You may be aware that when you are pregnant you shouldn’t take a hot bath or shower, and you should limit the use of heating pads to 10-20 minutes to avoid your body temperature rising too much.
But with cold baths and showers becoming ever more popular, it’s also important to understand the safety implications of lowering your body temperature too much while pregnant.
So let’s jump in and investigate the effects of cold water during pregnancy, including taking cold baths and showers, swimming in cold water, and drinking cold water.
Effect of Cold Water Bath During Pregnancy
There are several potential benefits of having a cold shower or bath while pregnant, as well as some things you should be aware of and not overdo.
Benefits of Cold Water Baths While Pregnant
Some of the known benefits of having a cold water bath or shower during pregnancy include:
- Reduce Inflammation.
- Relieve Muscle Pain & Soreness, especially after exercising, lifting weights or working out.
- Improve Blood Circulation.
- Lower Stress Levels.
- Reduce Fatigue & Boost Energy.
- Boost Metabolism.
- Experience A Better Birth Outcome.
Precautions When Taking Cold Baths During Pregnancy
There are some important things you should avoid and be aware of before plunging into a cold bath or shower while pregnant.
- Do Not Stay In The Water For Too Long: 2 to 4 minutes is about the right length of time.
- Ensure The Water Is Not Too Cold: cold water is fine, but you don’t want it to be freezing cold.
- Avoid Taking A Very Hot Shower Before or After: doing so could cause your blood vessels to compress and may lead to dizziness or fainting.
Why Am I Craving Cold Water During Pregnancy?
Pregnancy cravings are a normal part of expecting, and some of the more popular ones include chocolate bars, hot chocolate, steak and protein snacks.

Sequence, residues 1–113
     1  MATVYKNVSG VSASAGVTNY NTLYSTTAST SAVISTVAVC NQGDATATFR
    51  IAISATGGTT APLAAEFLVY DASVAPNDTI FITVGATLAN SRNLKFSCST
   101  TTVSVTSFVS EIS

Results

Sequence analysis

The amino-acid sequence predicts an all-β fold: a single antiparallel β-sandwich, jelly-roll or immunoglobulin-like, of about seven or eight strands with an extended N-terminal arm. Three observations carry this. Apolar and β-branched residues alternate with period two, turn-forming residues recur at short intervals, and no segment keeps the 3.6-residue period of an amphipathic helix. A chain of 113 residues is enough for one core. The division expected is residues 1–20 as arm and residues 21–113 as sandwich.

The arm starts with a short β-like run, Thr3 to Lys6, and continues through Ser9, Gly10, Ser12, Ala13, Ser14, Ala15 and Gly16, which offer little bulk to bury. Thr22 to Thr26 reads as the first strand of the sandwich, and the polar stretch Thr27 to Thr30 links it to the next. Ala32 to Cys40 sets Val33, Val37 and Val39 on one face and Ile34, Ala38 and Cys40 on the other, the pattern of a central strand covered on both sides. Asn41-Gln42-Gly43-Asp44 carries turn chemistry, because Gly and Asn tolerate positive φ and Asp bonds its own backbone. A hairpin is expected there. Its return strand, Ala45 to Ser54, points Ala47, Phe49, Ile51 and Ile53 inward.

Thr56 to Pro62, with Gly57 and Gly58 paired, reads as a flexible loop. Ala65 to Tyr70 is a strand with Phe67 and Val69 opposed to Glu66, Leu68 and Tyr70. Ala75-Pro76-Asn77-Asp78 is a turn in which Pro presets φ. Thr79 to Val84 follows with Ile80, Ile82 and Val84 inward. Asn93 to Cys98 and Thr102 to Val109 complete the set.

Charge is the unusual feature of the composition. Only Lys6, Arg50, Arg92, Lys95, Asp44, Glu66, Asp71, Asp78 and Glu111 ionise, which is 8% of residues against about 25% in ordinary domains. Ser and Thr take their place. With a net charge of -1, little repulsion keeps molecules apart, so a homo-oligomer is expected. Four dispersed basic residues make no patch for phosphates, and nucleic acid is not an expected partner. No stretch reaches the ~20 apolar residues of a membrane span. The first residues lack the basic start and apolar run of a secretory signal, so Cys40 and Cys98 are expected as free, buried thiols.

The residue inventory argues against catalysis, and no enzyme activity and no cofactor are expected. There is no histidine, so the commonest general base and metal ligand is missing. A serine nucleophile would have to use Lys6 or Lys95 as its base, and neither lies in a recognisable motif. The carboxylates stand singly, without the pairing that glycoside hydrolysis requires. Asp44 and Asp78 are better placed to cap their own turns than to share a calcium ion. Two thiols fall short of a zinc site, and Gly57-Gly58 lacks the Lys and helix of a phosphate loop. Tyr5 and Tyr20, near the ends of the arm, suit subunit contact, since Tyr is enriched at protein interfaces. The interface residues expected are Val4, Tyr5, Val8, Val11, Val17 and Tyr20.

But it’s also fairly common for pregnant women to crave cold water while pregnant.
Experts suggest there are two main reasons for this:
1. You Want Something To Cool You Down
As you’ve probably experienced, it’s very common for pregnant women to feel hot whatever the indoor or outdoor temperature.
This is due to hormonal changes and because you are carrying around more weight, especially during your third trimester as your baby edges towards full term.
So reaching for a nice glass of cold water or some other cold drink is a lovely and refreshing way to cool down.
2. You Are Looking For Hydration
It’s very important for pregnant women to stay hydrated throughout pregnancy – typically you should drink about 2 litres of water per day during your pregnancy.
Often when you crave something during pregnancy, it’s your body’s way of telling you it needs more of something.
And craving cold water – for both its hydration and cooling properties – is no exception.
Why Do Babies Move Move When You Drink Cold Water?
Some women report that their unborn baby moves in the womb when they drink cold water.
Why is this the case?
According to experts, the reason is because your digestive tract lies next to your uterus, so the cold water will stimulate your baby to move.
Interestingly, it’s not only cold water which can make your baby move.
You can usually get the same result by drinking cold milk or cold orange juice, or by eating certain foods that energize your baby due to their sugar and / or carbohydrate content.
Can Swimming In Cold Water Cause Miscarriage?
There is no evidence to suggest that swimming (during your first, second or third trimester) can negatively impact your baby.
This is true when swimming in heated pools or warm water in oceans and lakes, but what about swimming in cold water?
It is advisable pregnant women do not swim in water that is too cold, so you should avoid swimming in very cold or freezing cold water while you are pregnant.
This is because your temperature regulation system is less effective when pregnant, and swimming in water that is too cold could lead to a drop in your body temperature and cause hypothermia.
In addition, swimming in water that is too cold could cause uterine contractions (tightening of uterine muscle fibers that occurs throughout pregnancy and during active labor).
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